It is the commonest cancer in Britain, affecting 41,000 women a year – but not all breast cancers are the same. Yesterday, researchers said they had identified six types of the disease, with widely differing survival rates. The finding could help doctors give more accurate prognoses to patients, as well as targeting them with more specialised treatments.

Researchers at the University of Nottingham analysed 25 proteins present in the breast tissue of cancer patients and clustered them into groups according to how long the patients survived. They found two of the six groups had significantly longer survival and one had significantly shorter survival, while the remaining three fell between these extremes.

About 80 per cent of women diagnosed with breast cancer survive at least five years, with the best chance for those diagnosed early. There are clearly established treatments for each of the six types, based on hormonal therapy, treatment with the new drug Herceptin or aggressive chemotherapy. But these accounted for only 60 per cent of the 1,076 cases of breast cancer analysed.

The other 40 per cent of cases could not be classified into one of the six types and the treatment strategy in these cases was less clear, the researchers said.

Andy Green, senior research fellow at the University of Nottingham, who presented the findings to the National Cancer Research Institute's annual conference in Birmingham yesterday, said: "We are very excited by this research. We know breast cancers are very variable and one of our aims is to use clinical techniques to distinguish between them. It is the 40 per cent of breast cancers that we found to be unclassifiable that are the problem because we don't know what the optimal treatment strategy is for these cancers. It is a bit hit and miss at the moment."

The best survival was among women with oestrogen-positive breast cancer, which accounted for three of the six types, where up to 90 per cent of women survived 10 years. The poorest survival was women with HER2-positive breast cancer where 30 per cent died within four years.

Dr Green said the research was conducted before the advent of Herceptin, the breast cancer drug targeted at HER2 positive cancers, which was licensed and approved for use on the NHS in patients with early breast cancer last year. "I am sure some, but not all, women treated with Herceptin will have benefited from it," he said.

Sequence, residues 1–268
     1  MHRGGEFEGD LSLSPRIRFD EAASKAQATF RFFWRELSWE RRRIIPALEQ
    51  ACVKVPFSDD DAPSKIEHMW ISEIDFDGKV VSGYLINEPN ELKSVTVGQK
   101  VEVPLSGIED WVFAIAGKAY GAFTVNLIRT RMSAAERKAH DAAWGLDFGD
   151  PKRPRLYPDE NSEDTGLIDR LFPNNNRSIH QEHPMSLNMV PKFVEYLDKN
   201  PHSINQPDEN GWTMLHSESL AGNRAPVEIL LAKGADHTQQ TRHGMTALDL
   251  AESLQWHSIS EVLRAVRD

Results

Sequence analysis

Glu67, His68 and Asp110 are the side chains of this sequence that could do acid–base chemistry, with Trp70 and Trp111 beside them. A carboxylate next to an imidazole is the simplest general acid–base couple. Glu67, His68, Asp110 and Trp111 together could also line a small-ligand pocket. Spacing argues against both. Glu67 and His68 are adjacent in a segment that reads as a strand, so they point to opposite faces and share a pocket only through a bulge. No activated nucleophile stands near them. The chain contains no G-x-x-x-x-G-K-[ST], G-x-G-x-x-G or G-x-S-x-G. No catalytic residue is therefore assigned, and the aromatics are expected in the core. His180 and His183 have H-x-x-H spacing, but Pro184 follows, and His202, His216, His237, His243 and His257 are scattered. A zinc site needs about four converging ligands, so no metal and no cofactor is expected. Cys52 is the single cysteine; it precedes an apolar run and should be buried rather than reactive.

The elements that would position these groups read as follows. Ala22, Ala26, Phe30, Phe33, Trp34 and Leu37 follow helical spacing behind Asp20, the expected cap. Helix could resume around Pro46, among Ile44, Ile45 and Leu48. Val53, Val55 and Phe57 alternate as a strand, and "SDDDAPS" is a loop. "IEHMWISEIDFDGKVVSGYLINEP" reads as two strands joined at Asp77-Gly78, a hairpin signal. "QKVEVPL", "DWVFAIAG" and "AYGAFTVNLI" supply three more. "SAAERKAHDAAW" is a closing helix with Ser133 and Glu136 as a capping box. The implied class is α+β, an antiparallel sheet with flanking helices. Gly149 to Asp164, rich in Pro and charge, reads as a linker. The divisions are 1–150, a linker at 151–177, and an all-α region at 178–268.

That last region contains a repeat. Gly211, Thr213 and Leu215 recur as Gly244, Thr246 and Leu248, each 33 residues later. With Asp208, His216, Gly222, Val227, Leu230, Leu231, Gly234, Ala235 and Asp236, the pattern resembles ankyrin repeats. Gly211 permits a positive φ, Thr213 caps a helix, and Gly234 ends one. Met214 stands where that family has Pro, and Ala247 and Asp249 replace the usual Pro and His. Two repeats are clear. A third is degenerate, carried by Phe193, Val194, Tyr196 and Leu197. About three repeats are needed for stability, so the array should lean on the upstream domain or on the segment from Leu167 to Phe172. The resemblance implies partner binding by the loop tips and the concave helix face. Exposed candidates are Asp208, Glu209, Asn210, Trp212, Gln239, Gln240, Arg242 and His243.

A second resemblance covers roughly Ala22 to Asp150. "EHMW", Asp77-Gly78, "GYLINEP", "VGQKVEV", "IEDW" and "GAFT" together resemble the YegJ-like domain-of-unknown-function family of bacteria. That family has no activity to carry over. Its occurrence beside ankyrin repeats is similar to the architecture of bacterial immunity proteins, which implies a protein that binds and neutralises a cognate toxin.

In another study at the conference, scientists from the University of Leicester said they had identified two genes which could cause severe side-effects in breast cancer patients treated with radiotherapy. Paul Symonds, who led the research published in the British Journal of Cancer, said radiotherapy was important but could be devastating when it went wrong. "Patients can get redness of the skin which may peel off. Later the breast may shrink and tissues under the skin may become hard and thickened [fibrosis]. Red, widened blood vessels can appear on the skin."

With the discovery it might be possible to predict which women would react badly and offer them alternatives. About 8 per cent of women carry the fibrosis gene and have 15 times the risk of developing thickening of the skin which can lead to chronic pain, he said.

In other research, University of Manchester scientists said they had identified a gene that triggers breast cancer stem cells, which can result in recurrence. Robert Clarke said a treatment already licensed for Alzheimer's disease had been shown to be effective against the gene.

Forms of the disease

* Luminal group – 40 per cent of total (three types). These are oestrogen-positive and respond to hormonal treatment (Tamoxifen and newer aromatase inhibitors). Two of the three have the best survival rates with 90 per cent of women living at least 10 years. The third is not as good.

* Basal group – 13 per cent (two types). These tend to be more aggressive and need a more aggressive response. They are treated with high-dose chemotherapy.

* HER2 positive – 7 per cent (one type). This has the poorest prognosis – 30 per cent of patients died within four years, before the introduction of the new drug Herceptin.

* Unclassified – 40 per cent. These cases are the hardest to treat because the best treatment is unknown.